Disabled people are being turned down for jobs because of their condition, campaigners believe, with one woman failing to get an interview for a job despite applying for more than 100 roles.
Shani Dhanda, 30, has osteogenesis imperfecta, also known as brittle bone disease.
She tells HuffPost UK that after she left school at 16 she sent off 100 job applications without ever hearing back from prospective employers.
It was not until she decided to stop revealing her condition on her cover letter that she got an invitation for an interview.
It comes as a new report from disability charity Scope revealed on Monday that more than a quarter of disabled people believe they have been turned down for a job because of their condition or impairment.
Employers are being encouraged to create environments where disabled staff members feel confident “coming out” about their condition or impairment, as only 49% surveyed by Scope said they felt aware of their rights as a disabled employee.
Shani, a disability rights activist from Birmingham, says the experience of failing to obtain an interview once prospective employers know about her condition left her questioning “what quality of life” she was going to have.
“I thought no one was ever going to give me an opportunity to work and I wanted to be a contribution to society… the prospect of not being able to work was really sad.”
Shani says she was looking for a part time role while she studied at college.
At 3ft 10, Shani adds that she was limited in the roles she could apply for and avoided bar work, waitressing and supermarket vacancies, instead opting for administrative and telecommunications roles.
After removing any mention of her disability from her cover letter, she says she immediately got invited for an interview and was offered a part time job at a telecommunications company.
She says that, although she did not like to think that she was losing out on opportunities because of her condition, the experience was “a reality check of what the world can really be like”.
Unfortunately Shani’s situation is not isolated. New research conducted by Scope shows that 48% of disabled people have worried about telling employers about their impairment or condition.
Even while she was still a pupil at secondary school, Shani says she had terrible careers advice.
“All I was told is that I should try and get a job with my local council because they have a quota of disabled people that they need to employ every year.
“I just found that really insulting because I wasn’t judged on my skills or what I wanted to be in life.
“I was just looked at as a person with disability and told that you should just be some sort of box ticking exercise or tokenism,” she says.
After leaving university, Shani pursued a career in events management.
But after working with one company for six years, she felt she had to leave because her employers could not accommodate her request for flexible working hours.
Shani says that, in addition to brittle bones, she also has scoliosis and arthritis. This can mean that travelling to work, particularly in cold temperatures, can cause her discomfort.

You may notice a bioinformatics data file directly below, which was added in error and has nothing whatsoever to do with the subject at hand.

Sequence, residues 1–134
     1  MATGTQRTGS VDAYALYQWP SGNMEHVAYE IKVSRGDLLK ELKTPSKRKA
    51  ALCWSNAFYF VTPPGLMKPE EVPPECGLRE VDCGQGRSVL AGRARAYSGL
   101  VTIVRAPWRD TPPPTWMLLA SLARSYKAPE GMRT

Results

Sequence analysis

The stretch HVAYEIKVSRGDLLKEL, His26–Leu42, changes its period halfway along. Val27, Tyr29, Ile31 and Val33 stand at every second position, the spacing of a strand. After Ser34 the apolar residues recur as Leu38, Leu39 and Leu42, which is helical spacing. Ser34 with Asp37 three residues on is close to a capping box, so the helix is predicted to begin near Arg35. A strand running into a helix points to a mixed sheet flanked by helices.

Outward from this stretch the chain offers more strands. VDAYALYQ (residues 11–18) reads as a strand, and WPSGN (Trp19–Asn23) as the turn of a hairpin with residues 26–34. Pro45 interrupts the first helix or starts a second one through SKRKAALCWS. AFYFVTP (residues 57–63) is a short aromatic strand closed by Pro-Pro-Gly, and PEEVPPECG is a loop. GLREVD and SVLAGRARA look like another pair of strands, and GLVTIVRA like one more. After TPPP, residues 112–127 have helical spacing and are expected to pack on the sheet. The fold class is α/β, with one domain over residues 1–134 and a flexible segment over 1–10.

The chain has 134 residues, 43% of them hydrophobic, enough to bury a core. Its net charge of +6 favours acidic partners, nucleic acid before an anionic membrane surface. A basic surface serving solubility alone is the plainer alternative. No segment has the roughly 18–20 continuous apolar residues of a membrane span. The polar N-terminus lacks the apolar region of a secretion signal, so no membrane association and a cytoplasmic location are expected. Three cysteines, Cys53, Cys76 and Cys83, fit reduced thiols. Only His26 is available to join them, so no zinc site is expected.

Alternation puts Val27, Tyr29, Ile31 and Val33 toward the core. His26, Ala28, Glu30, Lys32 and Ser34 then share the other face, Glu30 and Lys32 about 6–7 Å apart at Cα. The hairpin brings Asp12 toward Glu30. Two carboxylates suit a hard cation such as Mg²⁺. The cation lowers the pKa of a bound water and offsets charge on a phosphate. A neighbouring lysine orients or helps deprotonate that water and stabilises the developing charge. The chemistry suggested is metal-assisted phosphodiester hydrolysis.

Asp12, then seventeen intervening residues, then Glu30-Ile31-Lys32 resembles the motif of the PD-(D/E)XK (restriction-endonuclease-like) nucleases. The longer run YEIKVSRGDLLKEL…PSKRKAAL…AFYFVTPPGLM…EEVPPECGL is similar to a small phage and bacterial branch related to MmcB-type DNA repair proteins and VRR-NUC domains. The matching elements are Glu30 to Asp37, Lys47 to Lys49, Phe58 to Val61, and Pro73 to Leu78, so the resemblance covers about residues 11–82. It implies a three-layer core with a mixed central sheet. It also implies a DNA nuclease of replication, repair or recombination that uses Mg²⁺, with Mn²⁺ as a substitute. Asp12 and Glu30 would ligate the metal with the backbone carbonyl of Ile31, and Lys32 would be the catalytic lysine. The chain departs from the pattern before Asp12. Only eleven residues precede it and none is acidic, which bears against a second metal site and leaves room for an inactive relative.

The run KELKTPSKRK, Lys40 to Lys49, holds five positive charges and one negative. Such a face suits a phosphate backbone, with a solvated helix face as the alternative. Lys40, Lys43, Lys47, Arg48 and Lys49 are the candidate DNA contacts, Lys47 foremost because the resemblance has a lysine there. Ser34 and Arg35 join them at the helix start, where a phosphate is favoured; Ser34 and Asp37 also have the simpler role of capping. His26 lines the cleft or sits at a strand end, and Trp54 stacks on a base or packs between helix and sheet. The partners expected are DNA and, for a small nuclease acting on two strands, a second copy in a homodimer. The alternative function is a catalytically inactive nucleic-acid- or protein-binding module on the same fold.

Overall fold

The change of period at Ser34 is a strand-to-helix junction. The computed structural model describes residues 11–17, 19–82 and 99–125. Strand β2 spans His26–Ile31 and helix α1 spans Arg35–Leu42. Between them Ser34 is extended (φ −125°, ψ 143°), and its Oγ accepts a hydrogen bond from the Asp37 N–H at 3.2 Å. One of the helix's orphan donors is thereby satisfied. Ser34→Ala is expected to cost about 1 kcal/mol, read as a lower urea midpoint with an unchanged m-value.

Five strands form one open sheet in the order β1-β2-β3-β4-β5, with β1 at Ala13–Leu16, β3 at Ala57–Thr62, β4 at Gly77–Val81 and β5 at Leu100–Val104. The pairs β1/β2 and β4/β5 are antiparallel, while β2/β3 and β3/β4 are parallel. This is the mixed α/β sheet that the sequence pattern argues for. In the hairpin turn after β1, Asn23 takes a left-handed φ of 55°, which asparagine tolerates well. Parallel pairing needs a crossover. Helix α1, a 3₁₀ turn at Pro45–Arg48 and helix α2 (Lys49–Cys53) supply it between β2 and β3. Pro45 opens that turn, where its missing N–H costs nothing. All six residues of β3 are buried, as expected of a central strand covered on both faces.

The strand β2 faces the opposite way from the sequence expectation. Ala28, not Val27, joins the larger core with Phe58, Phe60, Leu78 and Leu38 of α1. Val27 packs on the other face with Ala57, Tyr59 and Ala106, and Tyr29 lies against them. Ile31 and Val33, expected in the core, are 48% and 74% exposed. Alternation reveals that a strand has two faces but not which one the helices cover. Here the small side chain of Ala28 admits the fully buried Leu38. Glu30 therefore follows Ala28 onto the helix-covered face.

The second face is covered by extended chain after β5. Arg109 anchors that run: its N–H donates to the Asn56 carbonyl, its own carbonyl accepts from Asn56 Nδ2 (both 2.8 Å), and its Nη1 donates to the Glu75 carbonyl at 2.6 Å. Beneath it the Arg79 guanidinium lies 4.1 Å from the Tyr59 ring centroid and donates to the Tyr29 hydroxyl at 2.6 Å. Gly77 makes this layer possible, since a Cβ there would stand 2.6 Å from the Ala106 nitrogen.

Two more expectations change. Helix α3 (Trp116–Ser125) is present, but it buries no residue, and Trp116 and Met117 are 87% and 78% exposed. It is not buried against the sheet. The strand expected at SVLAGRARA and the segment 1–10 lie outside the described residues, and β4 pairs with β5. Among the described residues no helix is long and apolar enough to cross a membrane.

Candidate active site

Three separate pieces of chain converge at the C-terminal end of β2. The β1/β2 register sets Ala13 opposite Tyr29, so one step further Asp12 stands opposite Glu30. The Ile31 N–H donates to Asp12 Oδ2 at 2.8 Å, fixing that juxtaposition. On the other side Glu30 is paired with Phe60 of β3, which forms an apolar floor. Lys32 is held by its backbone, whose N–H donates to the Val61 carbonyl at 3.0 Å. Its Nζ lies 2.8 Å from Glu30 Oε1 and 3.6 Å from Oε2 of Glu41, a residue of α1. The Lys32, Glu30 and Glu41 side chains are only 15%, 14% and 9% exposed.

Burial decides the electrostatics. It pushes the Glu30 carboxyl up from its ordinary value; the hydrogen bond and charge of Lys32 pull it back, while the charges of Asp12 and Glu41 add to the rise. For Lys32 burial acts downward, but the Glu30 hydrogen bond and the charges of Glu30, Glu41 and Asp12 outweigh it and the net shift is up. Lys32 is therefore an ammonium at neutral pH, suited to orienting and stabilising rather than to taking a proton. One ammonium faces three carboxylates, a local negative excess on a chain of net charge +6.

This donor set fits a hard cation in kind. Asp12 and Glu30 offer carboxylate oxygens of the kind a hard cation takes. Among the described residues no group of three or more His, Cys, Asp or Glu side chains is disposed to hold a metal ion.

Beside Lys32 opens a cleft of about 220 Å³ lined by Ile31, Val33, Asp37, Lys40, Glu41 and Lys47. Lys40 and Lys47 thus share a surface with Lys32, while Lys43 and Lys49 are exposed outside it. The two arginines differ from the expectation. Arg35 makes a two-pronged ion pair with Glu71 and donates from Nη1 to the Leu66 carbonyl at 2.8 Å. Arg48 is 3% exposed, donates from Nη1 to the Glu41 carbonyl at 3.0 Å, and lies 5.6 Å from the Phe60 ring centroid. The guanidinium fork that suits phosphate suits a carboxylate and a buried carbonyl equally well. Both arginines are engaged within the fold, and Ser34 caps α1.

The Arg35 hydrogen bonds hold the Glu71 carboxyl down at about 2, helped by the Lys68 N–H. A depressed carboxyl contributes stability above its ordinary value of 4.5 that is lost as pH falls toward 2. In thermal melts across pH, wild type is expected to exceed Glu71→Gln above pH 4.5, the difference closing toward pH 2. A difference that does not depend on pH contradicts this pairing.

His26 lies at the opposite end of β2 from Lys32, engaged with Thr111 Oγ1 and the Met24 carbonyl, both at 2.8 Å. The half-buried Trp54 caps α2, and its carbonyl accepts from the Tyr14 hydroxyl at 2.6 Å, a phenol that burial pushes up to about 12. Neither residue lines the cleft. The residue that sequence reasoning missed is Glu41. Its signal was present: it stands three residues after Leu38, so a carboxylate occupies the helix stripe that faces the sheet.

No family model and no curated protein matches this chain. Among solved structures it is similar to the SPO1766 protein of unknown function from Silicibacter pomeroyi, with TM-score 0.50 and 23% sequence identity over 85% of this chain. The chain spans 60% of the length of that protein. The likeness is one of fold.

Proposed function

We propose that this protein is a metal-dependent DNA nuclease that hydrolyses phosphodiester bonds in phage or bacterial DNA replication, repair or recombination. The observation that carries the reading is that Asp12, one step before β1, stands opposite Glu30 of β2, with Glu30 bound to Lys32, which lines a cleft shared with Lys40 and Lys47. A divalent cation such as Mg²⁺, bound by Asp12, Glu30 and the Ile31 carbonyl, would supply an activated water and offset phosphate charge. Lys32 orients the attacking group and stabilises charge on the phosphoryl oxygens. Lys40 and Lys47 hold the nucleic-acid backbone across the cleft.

As a result she asked her employers if her hours could be more flexible and if she could work from home on some days.
After her request was denied, she says she felt “really let down” and undervalued: “It was such a slap in the face.”
She added: “I don’t like to have to ask for special treatment or for special adaptations or anything but it’s something I have to do in order to do my job.”
She decided to hand in her notice.
“There’s a lot of different issues,” she explains. “There are issues in getting a job and there are issues in actually keeping the job.”
She continues: “If I had the flu or something I would never want to go off sick because I feel that, if you have a disability in the workplace, you have to over compensate and you want to demonstrate to your employer that it was the right decision for them to give you the job.”
Shani got another role at another company, but faced similar problems when it came to flexible working hours. She has decided to work for herself – a decision made partly because she feels unable to find an opportunity “suitable” for her.
Scope’s research found that 20% of disabled people who have requested vital workplace adjustments have said they felt uncomfortable asking, the study shows.
The charity spoke with disabled people across a range of industries in England and Wales.
Some participants felt they had shared information but had not been listened to, while others felt pressured into talking about their impairment or condition following inappropriate questions from colleagues.
Scope is calling on employers to:
Create an environment where people feel they can be themselves at work Make clear to all staff that support and adjustments are available Challenge attitudes to disability through training, story sharing and campaigns Establish opportunities for disabled people to discuss their impairment or condition in a way that works for them.
Mark Atkinson, Scope chief executive, said: “This report should be a wake-up call for businesses as it exposes the real challenges thousands of disabled workers face every day when trying to access the vital support they are entitled to.
“We need to drastically transform workplace culture so all employees are confident requesting support and can discuss their impairment or condition on their own terms.
“Employers who don’t make their workplace genuinely inclusive will lose hugely valuable members of their team because they are unable to stay or progress in that job.
“We can and must solve this problem, but employers and the Government must act now to ensure workplaces are truly inclusive and HR policies on equality aren’t just a document on a shelf.”